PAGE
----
11-year-old female spayed miniature schnauzer (Canis familiaris)
The dog presented for evaluation of a cataract and it was discovered that the dog is blind in this eye and has a probable retinal detachment. An enucleation was performed.
The interior of the eye is filled with an opaque white material that obscures all internal structures.
The vitreous and the anterior and posterior chambers are filled with a proteinaceous material containing many cholesterol crystals. A mild mixed inflammation of macrophages and lymphocytes is present at the margins of the fluid and a few macrophages are within the fluid. The retina has mild atrophy of the inner layers, a partial detachment, and a diffuse, mild infla-mmation of lymphocytes and plasma cells. The back of the iris is covered with a fibrous layer containing many lymphocytes. A few lens fibers are round, swollen and va-cuolated. The lens is not present in all slides.
1. Cholesterolosis bulbi
2. Retinal atrophy, partial detachment and lymphoplasmacytic retinitis
Cholesterolosis bulbi, retinal atrophy, cataract
Cholesterolosis bulbi is the accumulation of cholesterol within a degenerate vitreous humor that has become liquefied (syneresis). The condition may also involve the anterior and posterior chambers as in this case. It occurs in eyes that have suffered previous hemorrhage, in-flammation or other degenerative changes.2 The cause in this case is unknown but the cataract is a possibility.
Panuveitis, lymphoplasmacytic and histiocytic, diffuse, moderate with protein
and cholesterol-rich exudate, retinal detachment and atrophy, and drainage
bulbi is an uncommon condition and not well-documented in the professional vete-rinary
literature. Although it is more well-documented in human medicine, it is still
uncommon may also be referred to as +â-ó-é-¼+à-ôsynchysis scintillans+â-ó-é-¼-¥. The lesion is
typically found in the vitreous and common causes include trauma and
degenerative ocular disease, which may be associated with chronic inflammation
and/or longstanding retinal detachment.
The cholesterol crystals are thought to be derived from the breakdown of intraocular erythrocytes and, may also be found within the anterior chamber.1,4 In people, cholesterolosis bulbi may be associated with a condition known as Coats+â-ó-é-¼-ä-ó disease, which includes retinal telangiectasis with intra and subretinal exudation.4 In cases of cholesterolosis in the absence of intraocular hemorrhage, it has been suggested that cholesterol crystals may enter eye through breaks in the retina and originate from the cholesterol rich subretinal fluid. Phacolysis has also been proposed as a source of cholesterol crystals.3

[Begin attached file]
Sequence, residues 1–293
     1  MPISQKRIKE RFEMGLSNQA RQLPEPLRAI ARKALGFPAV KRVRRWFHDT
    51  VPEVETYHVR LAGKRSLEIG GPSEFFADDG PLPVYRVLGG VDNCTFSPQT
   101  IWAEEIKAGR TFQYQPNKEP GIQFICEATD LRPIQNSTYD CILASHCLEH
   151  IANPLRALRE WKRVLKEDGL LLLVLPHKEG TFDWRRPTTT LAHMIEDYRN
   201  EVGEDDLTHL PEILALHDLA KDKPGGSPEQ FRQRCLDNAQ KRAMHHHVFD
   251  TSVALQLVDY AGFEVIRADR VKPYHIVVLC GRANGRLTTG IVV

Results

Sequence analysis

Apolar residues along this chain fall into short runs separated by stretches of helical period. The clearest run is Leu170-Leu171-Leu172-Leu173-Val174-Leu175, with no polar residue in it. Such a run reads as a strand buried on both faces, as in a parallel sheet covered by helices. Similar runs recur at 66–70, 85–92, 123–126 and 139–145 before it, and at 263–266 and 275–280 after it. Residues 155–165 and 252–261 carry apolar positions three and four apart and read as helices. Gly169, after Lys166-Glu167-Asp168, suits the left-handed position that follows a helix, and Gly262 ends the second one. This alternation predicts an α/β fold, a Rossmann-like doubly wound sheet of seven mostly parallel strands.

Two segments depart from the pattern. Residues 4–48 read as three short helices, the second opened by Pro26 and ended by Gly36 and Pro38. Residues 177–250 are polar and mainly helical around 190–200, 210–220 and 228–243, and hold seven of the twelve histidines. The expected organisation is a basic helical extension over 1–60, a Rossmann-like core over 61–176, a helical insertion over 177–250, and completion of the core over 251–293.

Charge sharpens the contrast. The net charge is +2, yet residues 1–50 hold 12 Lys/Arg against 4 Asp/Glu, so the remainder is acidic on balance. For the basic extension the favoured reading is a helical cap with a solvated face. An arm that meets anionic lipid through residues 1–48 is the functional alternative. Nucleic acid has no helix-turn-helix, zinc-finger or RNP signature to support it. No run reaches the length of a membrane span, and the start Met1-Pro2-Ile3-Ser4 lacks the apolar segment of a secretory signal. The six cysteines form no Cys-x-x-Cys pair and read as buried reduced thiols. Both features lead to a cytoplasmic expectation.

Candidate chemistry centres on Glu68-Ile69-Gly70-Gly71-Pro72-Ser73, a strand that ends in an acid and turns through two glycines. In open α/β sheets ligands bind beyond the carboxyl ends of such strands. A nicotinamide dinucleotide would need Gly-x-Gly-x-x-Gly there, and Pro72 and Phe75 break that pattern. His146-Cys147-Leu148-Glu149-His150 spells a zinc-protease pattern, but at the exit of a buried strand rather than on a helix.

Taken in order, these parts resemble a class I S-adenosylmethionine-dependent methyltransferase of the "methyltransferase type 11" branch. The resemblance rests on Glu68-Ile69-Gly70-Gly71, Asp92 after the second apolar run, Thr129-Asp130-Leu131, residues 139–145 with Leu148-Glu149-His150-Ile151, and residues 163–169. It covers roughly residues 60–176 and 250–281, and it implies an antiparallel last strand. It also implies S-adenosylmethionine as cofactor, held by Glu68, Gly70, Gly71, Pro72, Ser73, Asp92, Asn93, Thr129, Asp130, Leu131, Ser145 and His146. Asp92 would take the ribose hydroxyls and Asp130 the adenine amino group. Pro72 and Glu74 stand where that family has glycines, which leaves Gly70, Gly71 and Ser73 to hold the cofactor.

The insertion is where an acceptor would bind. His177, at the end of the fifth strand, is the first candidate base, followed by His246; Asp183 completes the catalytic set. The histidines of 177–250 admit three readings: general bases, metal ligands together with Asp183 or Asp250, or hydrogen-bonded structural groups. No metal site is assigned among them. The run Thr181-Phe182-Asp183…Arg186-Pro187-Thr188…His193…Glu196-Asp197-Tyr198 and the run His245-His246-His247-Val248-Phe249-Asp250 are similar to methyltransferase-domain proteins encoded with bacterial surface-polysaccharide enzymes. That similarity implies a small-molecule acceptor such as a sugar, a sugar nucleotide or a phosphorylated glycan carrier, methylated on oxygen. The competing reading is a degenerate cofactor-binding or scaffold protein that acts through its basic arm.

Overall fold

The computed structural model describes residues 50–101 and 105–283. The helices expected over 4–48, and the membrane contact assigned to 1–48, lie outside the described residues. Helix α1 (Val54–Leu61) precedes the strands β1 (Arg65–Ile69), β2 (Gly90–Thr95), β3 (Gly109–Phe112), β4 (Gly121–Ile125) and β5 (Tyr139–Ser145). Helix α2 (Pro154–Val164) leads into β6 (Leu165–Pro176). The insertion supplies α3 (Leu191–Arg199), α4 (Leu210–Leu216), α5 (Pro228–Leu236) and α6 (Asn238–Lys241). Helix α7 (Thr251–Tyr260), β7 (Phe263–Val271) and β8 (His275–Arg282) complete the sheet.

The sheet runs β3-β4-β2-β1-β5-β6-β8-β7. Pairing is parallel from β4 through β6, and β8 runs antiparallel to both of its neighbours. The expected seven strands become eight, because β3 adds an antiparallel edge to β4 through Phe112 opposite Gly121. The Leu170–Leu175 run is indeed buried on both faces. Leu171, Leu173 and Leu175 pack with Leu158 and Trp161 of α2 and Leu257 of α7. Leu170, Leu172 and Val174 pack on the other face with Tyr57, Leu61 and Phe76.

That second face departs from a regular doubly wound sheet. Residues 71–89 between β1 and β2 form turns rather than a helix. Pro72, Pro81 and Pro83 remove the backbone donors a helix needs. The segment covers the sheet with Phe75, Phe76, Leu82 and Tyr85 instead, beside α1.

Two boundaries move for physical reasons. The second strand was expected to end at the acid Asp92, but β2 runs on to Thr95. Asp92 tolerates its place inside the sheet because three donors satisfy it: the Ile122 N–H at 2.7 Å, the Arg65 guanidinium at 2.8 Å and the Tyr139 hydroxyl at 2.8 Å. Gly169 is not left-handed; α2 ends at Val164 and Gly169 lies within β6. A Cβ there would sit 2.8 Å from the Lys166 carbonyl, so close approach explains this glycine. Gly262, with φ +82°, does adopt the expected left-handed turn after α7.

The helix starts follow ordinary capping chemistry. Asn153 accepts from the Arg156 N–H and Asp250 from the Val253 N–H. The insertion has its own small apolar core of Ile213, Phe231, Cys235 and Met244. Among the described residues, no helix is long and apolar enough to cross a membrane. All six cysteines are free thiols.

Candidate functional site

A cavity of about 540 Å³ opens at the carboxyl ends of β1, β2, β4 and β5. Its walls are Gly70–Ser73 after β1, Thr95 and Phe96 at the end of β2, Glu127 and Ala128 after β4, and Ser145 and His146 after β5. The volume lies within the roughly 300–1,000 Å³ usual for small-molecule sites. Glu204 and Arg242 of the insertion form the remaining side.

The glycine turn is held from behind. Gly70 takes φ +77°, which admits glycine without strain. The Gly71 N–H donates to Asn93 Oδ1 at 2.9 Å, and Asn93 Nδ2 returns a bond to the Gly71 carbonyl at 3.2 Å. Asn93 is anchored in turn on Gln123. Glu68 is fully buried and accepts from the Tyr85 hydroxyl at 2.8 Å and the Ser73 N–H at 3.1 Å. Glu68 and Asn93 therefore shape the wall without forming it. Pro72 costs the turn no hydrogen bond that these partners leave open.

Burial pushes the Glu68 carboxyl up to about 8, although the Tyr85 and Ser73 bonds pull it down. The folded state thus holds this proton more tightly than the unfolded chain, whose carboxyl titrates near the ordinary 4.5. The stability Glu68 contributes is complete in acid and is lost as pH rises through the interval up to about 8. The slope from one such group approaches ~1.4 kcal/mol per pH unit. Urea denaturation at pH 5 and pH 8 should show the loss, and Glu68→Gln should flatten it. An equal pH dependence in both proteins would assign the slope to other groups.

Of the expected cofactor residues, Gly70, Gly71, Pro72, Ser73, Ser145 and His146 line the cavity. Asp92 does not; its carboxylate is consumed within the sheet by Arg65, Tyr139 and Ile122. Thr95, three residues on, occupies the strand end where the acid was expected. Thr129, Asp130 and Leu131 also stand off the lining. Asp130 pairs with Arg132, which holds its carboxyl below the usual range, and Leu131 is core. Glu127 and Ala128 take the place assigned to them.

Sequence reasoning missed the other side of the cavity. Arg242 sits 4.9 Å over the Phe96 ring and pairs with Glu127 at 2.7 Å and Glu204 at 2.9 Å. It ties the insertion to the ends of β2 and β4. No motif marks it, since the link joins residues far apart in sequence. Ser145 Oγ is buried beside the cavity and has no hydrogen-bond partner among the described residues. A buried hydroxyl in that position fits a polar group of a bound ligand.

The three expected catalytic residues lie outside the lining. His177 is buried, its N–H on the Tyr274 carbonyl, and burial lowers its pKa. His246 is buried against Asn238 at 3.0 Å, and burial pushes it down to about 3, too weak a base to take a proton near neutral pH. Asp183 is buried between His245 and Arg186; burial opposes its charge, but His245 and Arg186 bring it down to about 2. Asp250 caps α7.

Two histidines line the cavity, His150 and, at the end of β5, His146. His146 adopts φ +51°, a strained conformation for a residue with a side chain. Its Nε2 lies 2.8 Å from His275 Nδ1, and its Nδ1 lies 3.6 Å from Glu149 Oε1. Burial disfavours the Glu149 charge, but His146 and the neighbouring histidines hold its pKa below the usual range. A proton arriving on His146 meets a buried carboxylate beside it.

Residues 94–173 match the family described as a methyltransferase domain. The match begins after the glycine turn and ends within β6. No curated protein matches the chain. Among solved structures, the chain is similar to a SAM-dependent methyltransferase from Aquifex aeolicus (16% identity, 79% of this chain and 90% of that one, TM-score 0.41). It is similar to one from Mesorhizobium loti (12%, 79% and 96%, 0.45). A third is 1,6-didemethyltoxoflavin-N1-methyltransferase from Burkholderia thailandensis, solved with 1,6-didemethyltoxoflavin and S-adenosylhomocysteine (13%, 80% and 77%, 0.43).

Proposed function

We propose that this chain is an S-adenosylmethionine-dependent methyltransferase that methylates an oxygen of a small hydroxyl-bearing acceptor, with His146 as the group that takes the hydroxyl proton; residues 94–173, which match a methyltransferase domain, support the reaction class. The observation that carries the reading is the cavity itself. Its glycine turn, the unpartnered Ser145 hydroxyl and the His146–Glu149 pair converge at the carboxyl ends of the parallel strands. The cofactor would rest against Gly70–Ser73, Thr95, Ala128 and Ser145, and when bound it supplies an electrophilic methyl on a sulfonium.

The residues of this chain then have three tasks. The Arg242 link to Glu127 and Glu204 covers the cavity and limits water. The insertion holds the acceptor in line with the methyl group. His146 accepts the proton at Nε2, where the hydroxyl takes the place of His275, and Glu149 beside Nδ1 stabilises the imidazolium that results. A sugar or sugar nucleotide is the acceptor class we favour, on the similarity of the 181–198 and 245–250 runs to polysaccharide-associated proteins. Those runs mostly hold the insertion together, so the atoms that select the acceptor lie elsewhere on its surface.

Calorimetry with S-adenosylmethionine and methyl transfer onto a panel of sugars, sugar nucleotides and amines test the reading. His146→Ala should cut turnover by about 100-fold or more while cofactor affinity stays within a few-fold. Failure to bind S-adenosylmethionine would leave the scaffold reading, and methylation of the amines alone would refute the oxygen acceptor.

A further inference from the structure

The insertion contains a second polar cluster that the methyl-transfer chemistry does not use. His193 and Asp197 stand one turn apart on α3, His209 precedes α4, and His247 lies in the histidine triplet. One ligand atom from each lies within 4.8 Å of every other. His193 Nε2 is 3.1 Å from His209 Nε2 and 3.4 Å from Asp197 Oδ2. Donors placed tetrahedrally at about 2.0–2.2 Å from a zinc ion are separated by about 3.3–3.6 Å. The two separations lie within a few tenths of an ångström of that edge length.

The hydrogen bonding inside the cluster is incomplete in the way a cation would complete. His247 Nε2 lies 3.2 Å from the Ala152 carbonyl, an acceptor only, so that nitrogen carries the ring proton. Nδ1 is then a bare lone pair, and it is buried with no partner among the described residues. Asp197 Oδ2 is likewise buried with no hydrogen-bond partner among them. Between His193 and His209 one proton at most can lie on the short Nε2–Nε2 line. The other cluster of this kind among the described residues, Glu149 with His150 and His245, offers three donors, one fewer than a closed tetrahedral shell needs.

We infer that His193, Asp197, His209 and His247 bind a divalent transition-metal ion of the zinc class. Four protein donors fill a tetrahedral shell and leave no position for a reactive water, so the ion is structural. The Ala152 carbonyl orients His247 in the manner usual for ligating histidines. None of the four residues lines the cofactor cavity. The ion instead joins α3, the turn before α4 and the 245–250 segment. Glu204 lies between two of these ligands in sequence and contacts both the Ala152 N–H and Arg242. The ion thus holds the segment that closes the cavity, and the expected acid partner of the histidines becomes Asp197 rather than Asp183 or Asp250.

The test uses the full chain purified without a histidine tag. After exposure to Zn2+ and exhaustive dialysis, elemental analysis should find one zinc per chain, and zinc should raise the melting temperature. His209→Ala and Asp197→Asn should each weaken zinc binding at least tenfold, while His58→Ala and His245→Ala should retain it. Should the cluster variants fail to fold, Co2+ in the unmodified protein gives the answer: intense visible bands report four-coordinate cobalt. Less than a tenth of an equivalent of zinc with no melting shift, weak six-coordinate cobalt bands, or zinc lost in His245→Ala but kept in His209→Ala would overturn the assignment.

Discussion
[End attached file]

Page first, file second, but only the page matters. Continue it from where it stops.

In addition to the proteinaceous, cholesterol-laden fluid filling most segments of the globe, conference participants noted retinal degeneration and atrophy, mild keratitis, uveal inflammation and choroidal edema. Fragmentation and fibrillation as well as cataractous changes were also described within the lens (not present in all sections), although the moderator cautioned against over-interpreting lens rupture due to the fragile nature of the lens and its tendency to fracture during sectioning. Specific retinal changes included retinal detachment, hypertrophy and hyperplasia of the retinal pigment epithelium, vacuolation of the nerve fiber layer, and degeneration of the ganglion cell and plexiform layers. The moderator commented on the rare nature of cholesterolosis bulbi, citing several potential underlying causes such as trauma and hemorrhage, although it should be noted that intraocular hemorrhage is a relatively common finding not specific to this uncommon condition. Asteroid hyalosis was also present and is typically characterized by the presence of 4-10um pale basophilic granules / globules within the posterior segment, consisting of lipids embedded in a matrix of calcium and phosphorus, and attached to the vitreous. The asteroid bodies appear as amorphous globules, are PAS positive and contain small birefringent crystals when viewed under polarized light. Diabetes mellitus is a risk factor in people for the development of asteroid hyalosis as are hypertension and atherosclerosis.
1. Brodsky MC. Synchysis scintillans in a child. JAMA Ophthalmol. 2015; 133(7):e150793.
2. Grahn BH, Peiffer RL. Veterinary ophthalmic pathology. In: Gelatt KN, Gilger BC, Kern TJ, eds. Veterinary Ophthalmology. 5th ed. Hoboken NJ: Wiley-Blackwell; 2013:490.
3. Park, J, Lee H, Kim YK, Chae JD, Lee HJ. A case of cholesterosis bulbi with secondary glaucoma treated by vitrectomy and intravitreal bevacizumab. Korean J Ophthalmol. 2011;25(5):362-365.
4. Stacey AW, Borri M, Francesco SD, Antenore AS, et al. A case of anterior chamber cholesterolosis due to Coats+â-ó-é-¼-ä-ó disease and a review of reported cases. Open Ophthalmol J. 2016. Feb 29;10:27-32.
5. Yanoff M, Sassani JW. Ocular Path-ology. 6th ed. Mosby Elsevier; 2009:486-487.